Many collections of postage stamps, which if properly treated would be valuable, are, instead, merely accumulations worth practically nothing because of improper handling.
Perhaps the greatest sin of mishandling a stamp is to handle it with your fingers. I cannot emphasize enough the most important point that stamps should never be handled except with a pair of fine stamp tongs. These are available in three main designs, all depending upon the shape of the points. The professional and dealer usually use tongs with fairly sharp points. They are used because these tongs can be used to roll a hinge off a stamp without tearing or thinning the stamp provided, of course, that the hinge used was one of the peelable varieties. Some of the older hinges were not peelable, and taking them off the stamp with a pair of tongs is merely inviting trouble.
If the stamp is mint, then nothing can be done except, perhaps, to cut the flap on the hinge off carefully, leaving the glued part still stuck to the stamp. If the stamp is canceled, then the chances are you can resoak the stamp and remove the hinge that way. Be careful to wipe off the hinge gum while the stamp is wet and soaking, otherwise it may dry as a square of gum on the back of an otherwise ungummed stamp,
The Tong shape handiest for beginners, and advanced collectors as well, especially if they are not using hinges to mount their specimens, is the spade point. This tool has an aquarist, Shovel or spade like shape at the points which afford the maximum amount of support to the stamp. The trouble with most spade-point tongs is the thickness of the points. In order to be useful, the points should be as thin as possible. I have overcome the trouble by grinding down the points of my spade tongs carefully until they are paper-thin at the ends.
An intermediate kind is called paddle-pointed. This variety has small round paddle-shaped points, usually much thinner than the spade points and quite a bit smaller. Some companies sell very fine tongs, for double or more the usual cost of the tool. These have every thin points, and are gold plated to prevent corrosion and rust.
It is must and should that tongs are not used to handle stamps when soaking them off paper. This is the only time when stamps are handled with the fingers. If you used tongs on wet stamps, and the tongs had been used until the plating was worn off the points, there is a good possibility that the steel would leave a mark on the wet stamp that would later turn into a rust stain impossible to remove. Since the stamp is soft, limp, and wet, it can be handled with the fingers without any danger of leaving oil stains from your hand. As soon as it is dry, however, break out the tongs to handle it.
When soaking stamps off pieces of paper or the envelope on which they were used, they should be left in the water only long enough to entirely soften and dissolve the gum. Further soaking will do nothing toward releasing the stamp from the paper, but it is very possible to ruin the stamp if it is next to another on which an aniline dye was used in the printing. This dye could bleed from one stamp to another, ruining both in the process.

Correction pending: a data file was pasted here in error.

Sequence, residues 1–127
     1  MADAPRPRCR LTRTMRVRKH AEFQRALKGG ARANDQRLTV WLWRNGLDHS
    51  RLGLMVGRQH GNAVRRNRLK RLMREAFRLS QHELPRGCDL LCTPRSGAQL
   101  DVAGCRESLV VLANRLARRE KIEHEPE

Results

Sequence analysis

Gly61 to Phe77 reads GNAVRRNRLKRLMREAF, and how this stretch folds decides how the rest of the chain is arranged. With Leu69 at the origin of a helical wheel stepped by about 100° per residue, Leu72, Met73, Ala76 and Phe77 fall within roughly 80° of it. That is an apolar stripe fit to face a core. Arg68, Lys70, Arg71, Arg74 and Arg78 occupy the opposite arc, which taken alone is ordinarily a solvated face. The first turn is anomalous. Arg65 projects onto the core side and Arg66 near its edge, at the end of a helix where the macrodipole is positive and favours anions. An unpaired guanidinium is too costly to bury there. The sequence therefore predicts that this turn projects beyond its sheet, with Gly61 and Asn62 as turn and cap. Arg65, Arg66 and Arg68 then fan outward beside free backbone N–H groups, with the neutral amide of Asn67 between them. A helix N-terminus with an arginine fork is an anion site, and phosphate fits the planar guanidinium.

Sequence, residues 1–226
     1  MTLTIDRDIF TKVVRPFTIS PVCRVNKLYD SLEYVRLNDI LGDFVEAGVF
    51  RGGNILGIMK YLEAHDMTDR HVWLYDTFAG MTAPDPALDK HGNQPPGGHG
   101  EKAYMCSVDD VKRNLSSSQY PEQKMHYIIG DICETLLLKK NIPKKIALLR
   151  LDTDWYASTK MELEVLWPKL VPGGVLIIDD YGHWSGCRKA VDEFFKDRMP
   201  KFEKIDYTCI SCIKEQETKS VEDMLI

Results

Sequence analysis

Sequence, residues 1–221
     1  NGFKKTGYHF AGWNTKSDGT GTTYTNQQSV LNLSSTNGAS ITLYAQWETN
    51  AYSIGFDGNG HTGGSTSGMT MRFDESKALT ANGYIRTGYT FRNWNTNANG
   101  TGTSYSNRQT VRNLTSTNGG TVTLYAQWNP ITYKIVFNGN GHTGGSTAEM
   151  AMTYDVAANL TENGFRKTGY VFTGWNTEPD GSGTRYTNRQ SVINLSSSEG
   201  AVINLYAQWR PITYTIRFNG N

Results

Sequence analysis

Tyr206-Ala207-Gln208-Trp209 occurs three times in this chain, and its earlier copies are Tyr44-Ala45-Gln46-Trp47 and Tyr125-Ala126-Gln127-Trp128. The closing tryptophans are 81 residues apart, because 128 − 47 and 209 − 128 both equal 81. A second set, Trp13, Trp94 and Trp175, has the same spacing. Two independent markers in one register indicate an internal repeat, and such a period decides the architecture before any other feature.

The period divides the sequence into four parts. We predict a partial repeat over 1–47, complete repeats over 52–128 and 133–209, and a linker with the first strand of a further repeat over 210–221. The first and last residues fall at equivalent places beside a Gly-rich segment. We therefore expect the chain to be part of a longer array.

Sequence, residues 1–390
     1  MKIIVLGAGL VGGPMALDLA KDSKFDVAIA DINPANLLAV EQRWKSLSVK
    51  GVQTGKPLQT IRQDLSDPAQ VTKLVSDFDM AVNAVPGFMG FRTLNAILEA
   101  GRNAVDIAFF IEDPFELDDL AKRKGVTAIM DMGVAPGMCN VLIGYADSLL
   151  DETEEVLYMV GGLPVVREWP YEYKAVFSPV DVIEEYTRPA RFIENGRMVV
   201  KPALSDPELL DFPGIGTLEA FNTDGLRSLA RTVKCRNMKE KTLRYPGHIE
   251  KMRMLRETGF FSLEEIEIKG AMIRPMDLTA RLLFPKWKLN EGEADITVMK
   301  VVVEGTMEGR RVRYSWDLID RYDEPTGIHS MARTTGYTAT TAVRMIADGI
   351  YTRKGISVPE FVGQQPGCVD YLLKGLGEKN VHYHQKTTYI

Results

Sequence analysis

Stamps on brown wrapping paper should never be soaked together with stamps on ordinary white envelope stock. The brown paper, especially the corrugated cardboard used in making cartons, will often color the soaking water and stain the stamps. As a matter of fact, if the stamps can be removed by methods other than soaking, it is far better to do so.
After the stamps have been soaked off the paper, they must be dried before they can be put away in stock books or mounted in albums. The drying can by accomplished by laying out the wet stamps in rows on a clean terry-cloth towel, covering them with another towel and laying a weight, such as a book, on top to keep the stamps flat. Don’t let the stamps touch each other. Take care when laying the covering towel in place that you do not move the stamps, causing them to overlap one another or even folding over a corner. A crease put into a stamp this way can never be removed.
A far better method of drying soaked stamps is to use a drying book. These are sold by stamp dealers for a couple of pounds and can be used over and over and will last many years. They are merely books with pages of heavy blotting paper and the stamps are placed on the last page first, the next page turned to cover them, then the pages continuing to be loaded and covered until the book is filled or until you have positioned all your stamps. The book is then laid flat and a book or other weight placed on top. Let the whole thing stand for a day or two to insure that the stamps are entirely dry. If all the gum was removed in the soaking water, there is no danger of the stamps sticking to the blotter pages.
Another very important point in the care and handling of a stamp collection is the storage of the albums or stock books. These should never be stored on their edges or ends unless you have enough books to wedge them tightly into a shelf space so the pages will be held pressed together. Rather, albums and stock books are best laid flat on their sides, preferably with another book (perhaps your stamp catalogues) laid on top of the pile to hold the pages together.
Since stamp values are predicated almost entirely on the condition of the item, great care should be exercised in handling the stamp not to damage the perforations. Just one perforation, broken from the stamp, or even torn just enough to shortern it, will cause a dealer, when appraising the stamp with intent to purchase it, to lower the value a large percentage.
Happy stamp collecting.